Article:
Bringing in real coaching on offense has the potential to be huge for Jones. As underwhelming as last season was, it’s important to remember that Jones earned an 80.0 overall PFF grade as a rookie, finishing just outside the top 10 of eligible quarterbacks that year. He doesn’t have the dynamic athleticism of Justin Fields or the arm of Trevor Lawrence, but he has already shown he can be a very high-level distributor of the football and a better player than many give him credit for.
25. Bryce Young, Carolina Panthers
Young was the best quarterback in this draft by a considerable margin, and the only thing that made the discussion close was his lack of size — something that becomes obvious any time he is captured on film with anything near him to show true scale. Young has elite accuracy, anticipation and decision-making (back-to-back seasons with a 2.0% turnover-worthy play rate), but success at his size in the modern NFL is without precedent.
Love passed for 9.3 yards per attempt last season and earned a 78.7 PFF grade. On the other hand, he attempted 21 passes and was disastrous the last time he was on the field before that. We have very little idea what Love can become, with the biggest piece of evidence being that the Packers decided it was time to move on from Aaron Rodgers and turn the keys over to his successor. Countering that was the contract they got Love to agree to, which could only have started with the assumption that they were not going to pick up his fifth-year option.
It’s difficult to argue that Mayfield’s 2022 season was easily predictable, but it’s equally difficult to maintain any kind of lofty expectations for him going forward after witnessing it. His 50.6 PFF grade on the year was 13 grading points lower than his previous career-worst mark (which involved a torn shoulder), and it speaks volumes that the Rams were happy to let him walk after he led the team to a remarkable win just after stepping off the plane after they traded for him. Mayfield has very good play on his NFL resume, but it’s getting harder and harder to see it in the rearview mirror.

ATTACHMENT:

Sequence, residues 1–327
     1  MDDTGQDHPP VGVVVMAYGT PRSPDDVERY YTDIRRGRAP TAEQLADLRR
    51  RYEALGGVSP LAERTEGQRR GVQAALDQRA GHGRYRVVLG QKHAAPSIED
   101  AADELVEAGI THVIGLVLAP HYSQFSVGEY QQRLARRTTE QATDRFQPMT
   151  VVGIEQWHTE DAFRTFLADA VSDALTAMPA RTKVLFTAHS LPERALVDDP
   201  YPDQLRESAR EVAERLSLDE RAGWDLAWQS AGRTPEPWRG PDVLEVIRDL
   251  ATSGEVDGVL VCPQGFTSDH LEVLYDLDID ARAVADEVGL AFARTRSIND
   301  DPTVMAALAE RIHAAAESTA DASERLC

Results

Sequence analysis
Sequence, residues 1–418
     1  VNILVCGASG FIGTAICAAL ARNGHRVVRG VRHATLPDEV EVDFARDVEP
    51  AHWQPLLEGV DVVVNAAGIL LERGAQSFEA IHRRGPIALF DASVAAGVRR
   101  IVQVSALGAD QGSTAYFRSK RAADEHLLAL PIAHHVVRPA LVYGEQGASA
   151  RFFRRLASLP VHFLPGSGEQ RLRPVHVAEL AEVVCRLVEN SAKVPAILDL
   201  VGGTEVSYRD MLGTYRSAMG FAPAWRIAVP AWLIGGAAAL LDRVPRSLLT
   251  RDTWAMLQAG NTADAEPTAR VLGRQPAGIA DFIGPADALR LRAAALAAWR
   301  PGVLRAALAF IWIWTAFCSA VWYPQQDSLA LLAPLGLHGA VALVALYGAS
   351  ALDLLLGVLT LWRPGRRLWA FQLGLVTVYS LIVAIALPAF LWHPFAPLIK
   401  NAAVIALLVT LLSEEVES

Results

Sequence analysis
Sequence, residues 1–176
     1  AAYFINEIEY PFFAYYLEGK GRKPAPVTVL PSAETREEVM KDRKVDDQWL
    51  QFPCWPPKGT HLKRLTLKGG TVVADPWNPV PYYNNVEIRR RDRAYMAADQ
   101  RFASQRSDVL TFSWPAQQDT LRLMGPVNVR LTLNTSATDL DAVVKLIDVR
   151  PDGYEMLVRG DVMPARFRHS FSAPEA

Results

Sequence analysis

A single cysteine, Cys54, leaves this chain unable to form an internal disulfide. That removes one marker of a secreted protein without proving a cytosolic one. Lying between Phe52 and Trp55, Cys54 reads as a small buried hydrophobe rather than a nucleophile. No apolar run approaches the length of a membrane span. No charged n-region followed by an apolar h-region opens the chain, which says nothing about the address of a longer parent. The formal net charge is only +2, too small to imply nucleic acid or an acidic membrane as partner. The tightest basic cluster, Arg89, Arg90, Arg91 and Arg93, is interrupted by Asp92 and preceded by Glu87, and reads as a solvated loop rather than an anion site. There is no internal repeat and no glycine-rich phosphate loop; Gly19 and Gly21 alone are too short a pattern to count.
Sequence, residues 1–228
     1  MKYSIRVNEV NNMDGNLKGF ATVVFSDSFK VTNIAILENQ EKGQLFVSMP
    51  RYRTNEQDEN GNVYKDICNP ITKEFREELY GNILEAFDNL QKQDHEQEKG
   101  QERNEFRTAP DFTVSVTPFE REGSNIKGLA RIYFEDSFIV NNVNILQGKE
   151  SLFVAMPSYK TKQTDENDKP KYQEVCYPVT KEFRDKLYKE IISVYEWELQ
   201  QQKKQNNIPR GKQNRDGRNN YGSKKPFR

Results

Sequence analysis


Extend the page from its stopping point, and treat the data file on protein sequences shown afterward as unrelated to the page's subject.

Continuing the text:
30. C.J. Stroud, Houston Texans
There were a lot of Stroud fans throughout the pre-draft process, but I was always a little lower on him than most. He has NFL stature and elite accuracy, but outside of the Georgia game in the college football playoffs, he had some real issues under pressure or after the play had broken down. His PFF grade under pressure last season placed him in the 18th percentile, and that only improves to the 34th percentile if you look at a two-year sample size.
There was little we saw from Ridder last season to suggest he will approach even average play at the position. Marcus Mariota played his way to the bench with his performances, and Ridder was simply the young quarterback in line for reps. He posted a 68.5% adjusted completion rate and had two turnover-worthy plays to three big-time throws. He also recorded just 136 dropbacks, so it would be a stretch to draw any concrete conclusions.
32. Anthony Richardson, Indianapolis Colts
Richardson wasn’t even a particularly good college quarterback last season in the SEC. His overall PFF grade came in at 80.3, which ranked 38th in the nation and was being propped up by his rushing ability — something that will need to continue in the NFL. The good news for him is that he landed with a head coach who just executed this development arc with Jalen Hurts. Richardson will need to rely on the limitless athleticism that saw him average 7.4 yards per carry last season while he develops as a passer.